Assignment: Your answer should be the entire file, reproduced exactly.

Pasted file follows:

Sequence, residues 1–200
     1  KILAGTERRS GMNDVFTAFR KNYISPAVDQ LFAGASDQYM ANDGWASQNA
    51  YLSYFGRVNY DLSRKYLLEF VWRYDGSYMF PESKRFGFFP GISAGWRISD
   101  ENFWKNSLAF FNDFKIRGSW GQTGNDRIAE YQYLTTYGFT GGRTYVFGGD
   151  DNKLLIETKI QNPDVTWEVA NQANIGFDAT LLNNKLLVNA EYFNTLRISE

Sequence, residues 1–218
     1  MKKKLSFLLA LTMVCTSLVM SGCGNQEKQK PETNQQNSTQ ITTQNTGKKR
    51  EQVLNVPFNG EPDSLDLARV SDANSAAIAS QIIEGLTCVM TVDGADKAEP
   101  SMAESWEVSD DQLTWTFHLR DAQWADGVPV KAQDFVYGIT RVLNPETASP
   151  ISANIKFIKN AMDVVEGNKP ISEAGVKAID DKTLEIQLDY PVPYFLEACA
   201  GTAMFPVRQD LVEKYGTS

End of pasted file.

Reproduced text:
Sequence, residues 1–200
     1  KILAGTERRS GMNDVFTAFR KNYISPAVDQ LFAGASDQYM ANDGWASQNA
    51  YLSYFGRVNY DLSRKYLLEF VWRYDGSYMF PESKRFGFFP GISAGWRISD
   101  ENFWKNSLAF FNDFKIRGSW GQTGNDRIAE YQYLTTYGFT GGRTYVFGGD
   151  DNKLLIETKI QNPDVTWEVA NQANIGFDAT LLNNKLLVNA EYFNTLRISE

Sequence, residues 1–218
     1  MKKKLSFLLA LTMVCTSLVM SGCGNQEKQK PETNQQNSTQ ITTQNTGKKR
    51  EQVLNVPFNG EPDSLDLARV SDANSAAIAS QIIEGLTCVM TVDGADKAEP
   101  SMAESWEVSD DQLTWTFHLR DAQWADGVPV KAQDFVYGIT RVLNPETASP
   151  ISANIKFIKN AMDVVEGNKP ISEAGVKAID DKTLEIQLDY PVPYFLEACA
   201  GTAMFPVRQD LVEKYGTS